A French Town Will Pay You $2,250 to Decipher the Mysterious Carvings on This Rock
There's a lot of evidence that solving word puzzles as you grow older is a good way to keep your brain sharp, but honing that sort of skill could also be the key to fattening your wallet...
There's a lot of evidence that solving word puzzles as you grow older is a good way to keep your brain sharp, but honing that sort of skill could also be the key to fattening your wallet. A town in France has been struggling to decipher a centuries-old inscription of symbols recently found on a big rock and is now offering a substantial reward to anyone who might be able to help them crack the mystery.
Who knows, those marathon games of "Words With Friends" you always get sucked into may finally pay off.
The village of Plougastel-Daoulas in northwestern France has been trying to figure out what the series of letters and symbols means, and they're now enlisting the help of the public by offering a $2,250 reward to anyone who can decipher it. They're appealing to linguists, historians, academics, students, and even average folks who've taken up code-breaking as a hobby, according to France 24.
The message was discovered a few years ago on a large rock partially submerged along the Atlantic coast, and it's only visible at low tide. The mysterious jumble of symbols and letters has since stumped experts, who can't quite pin down what the message is supposed to be about, or even what language it's in, according to Agence France-Presse.
"There are people who tell us that it's Basque and others who say it's old Breton, but we still have not managed to decipher the text," Dominque Cap, the mayor of Plougastel-Daoulas, told AFP.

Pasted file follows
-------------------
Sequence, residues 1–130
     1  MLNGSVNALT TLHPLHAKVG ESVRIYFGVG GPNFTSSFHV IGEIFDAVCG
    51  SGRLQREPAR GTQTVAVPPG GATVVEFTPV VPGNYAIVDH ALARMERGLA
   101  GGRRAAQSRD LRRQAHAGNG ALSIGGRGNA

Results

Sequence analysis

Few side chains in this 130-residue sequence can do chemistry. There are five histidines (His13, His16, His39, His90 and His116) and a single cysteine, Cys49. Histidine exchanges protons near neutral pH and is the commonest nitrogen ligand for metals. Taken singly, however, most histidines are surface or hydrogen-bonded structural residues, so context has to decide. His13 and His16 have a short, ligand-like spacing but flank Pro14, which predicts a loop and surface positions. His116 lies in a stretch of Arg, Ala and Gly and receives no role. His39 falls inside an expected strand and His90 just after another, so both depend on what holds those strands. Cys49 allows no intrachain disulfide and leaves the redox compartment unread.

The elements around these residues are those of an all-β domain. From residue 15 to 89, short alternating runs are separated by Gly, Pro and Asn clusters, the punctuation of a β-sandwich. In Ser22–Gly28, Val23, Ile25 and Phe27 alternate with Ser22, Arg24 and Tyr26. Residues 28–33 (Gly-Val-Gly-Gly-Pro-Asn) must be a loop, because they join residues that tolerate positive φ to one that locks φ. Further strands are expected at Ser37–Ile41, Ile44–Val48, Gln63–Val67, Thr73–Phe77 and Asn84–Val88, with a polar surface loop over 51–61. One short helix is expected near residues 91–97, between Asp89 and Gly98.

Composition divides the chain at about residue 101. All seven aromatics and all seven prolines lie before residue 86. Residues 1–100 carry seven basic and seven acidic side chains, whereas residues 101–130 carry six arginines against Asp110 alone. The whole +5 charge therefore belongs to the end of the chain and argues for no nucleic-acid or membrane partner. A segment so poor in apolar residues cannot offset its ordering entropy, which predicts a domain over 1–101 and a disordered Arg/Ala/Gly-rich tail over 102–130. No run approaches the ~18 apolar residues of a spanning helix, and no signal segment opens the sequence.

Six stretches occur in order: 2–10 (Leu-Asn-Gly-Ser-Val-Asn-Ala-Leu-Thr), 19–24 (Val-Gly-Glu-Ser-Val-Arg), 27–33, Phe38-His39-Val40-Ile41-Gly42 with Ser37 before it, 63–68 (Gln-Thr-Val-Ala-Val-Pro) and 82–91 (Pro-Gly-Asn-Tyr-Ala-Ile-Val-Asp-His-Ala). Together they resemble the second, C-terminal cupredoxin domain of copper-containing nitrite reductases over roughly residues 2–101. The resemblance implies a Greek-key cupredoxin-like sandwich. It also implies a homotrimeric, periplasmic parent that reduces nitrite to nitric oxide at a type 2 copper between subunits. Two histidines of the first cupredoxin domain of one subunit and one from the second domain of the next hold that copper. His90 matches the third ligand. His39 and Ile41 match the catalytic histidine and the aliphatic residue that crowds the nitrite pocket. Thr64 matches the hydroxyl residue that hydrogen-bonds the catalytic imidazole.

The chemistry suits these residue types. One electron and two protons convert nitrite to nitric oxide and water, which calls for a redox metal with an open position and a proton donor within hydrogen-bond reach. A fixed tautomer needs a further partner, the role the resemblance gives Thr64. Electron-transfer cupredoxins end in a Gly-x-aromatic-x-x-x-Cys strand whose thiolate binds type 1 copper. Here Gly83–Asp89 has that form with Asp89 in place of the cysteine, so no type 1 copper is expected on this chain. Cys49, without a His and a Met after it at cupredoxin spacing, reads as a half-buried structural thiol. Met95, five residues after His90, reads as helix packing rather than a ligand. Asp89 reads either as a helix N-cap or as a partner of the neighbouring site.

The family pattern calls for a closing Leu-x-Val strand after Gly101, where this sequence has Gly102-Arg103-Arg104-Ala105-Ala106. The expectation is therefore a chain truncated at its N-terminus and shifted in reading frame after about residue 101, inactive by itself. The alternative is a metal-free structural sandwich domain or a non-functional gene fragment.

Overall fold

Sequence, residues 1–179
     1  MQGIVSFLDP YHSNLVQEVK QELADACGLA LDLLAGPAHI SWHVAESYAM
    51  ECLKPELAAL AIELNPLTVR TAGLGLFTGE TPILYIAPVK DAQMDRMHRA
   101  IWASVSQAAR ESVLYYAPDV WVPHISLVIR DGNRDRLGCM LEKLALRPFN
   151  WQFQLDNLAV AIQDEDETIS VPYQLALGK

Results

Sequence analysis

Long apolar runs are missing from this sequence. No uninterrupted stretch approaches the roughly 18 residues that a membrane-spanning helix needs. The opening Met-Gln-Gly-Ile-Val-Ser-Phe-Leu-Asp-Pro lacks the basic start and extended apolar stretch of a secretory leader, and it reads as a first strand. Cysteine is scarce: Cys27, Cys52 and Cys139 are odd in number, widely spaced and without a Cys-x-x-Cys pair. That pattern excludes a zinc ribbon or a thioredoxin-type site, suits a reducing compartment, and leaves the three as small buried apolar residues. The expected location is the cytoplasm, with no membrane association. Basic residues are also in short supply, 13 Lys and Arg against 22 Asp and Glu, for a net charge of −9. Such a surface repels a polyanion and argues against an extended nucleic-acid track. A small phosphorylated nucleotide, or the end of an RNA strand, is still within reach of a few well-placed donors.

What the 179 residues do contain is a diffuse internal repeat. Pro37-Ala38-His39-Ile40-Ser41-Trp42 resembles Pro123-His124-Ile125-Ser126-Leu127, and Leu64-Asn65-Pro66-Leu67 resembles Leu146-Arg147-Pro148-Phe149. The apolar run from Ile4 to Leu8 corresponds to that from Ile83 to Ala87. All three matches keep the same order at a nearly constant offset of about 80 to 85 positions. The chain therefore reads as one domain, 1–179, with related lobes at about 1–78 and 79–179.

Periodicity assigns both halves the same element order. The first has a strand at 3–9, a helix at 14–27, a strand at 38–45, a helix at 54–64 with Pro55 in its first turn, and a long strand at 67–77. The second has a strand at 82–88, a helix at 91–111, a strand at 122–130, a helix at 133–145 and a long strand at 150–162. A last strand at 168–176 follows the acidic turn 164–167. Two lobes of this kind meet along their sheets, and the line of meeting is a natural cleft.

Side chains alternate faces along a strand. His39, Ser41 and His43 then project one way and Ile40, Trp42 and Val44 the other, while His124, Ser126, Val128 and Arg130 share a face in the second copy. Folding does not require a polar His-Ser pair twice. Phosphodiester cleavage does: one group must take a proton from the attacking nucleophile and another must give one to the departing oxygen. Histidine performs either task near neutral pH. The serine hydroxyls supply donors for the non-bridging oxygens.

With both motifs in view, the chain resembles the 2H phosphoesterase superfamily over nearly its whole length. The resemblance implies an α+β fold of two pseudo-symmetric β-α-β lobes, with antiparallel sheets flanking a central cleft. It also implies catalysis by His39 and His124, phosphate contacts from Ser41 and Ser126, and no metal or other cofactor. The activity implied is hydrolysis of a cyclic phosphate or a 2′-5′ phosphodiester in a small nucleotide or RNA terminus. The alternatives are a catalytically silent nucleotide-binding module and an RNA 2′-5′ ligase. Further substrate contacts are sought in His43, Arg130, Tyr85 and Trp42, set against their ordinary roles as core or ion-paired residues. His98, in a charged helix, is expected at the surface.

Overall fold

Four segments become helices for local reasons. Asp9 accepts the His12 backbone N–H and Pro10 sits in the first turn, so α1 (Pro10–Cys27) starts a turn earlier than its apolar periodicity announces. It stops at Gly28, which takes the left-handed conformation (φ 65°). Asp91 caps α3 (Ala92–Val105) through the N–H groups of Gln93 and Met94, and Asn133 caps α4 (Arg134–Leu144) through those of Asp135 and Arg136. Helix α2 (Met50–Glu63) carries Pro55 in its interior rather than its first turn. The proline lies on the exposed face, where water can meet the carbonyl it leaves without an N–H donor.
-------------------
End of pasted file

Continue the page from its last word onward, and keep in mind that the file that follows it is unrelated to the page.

The rock, which is described as roughly the size of a person, has earned comparisons to the Rosetta Stone. And while its significance is unknown, the etchings do include a couple clues about what it may be about. It features a picture of a sailboat and the dates 1786 and 1787.
"These dates correspond more or less to the years that various artillery batteries that protected Brest and notably Corbeau Fort which is right next to it," said Veronique Martin, who's heading up the effort to enlist the public for help.
If you're curious, this is what part of the inscription spells out: "ROC AR B...DRE AR GRIO SE EVELOH AR VIRIONES BAOAVEL...R I OBBIIE: BRISBVILAR...FROIK...AL."
Could it be a secret love letter? A message of military conquest? A long-forgotten meme from the18th Century ? At this point, any of those things could be true.
The search effort has already received thousands of emails from folks offering to help, according to the Le Parisien, and if you believe you can offer some intel on the sequence, you're welcome to email email@example.com. Eventually, a jury will meet to choose the "most plausible" suggestion for what it all means, and award that person money.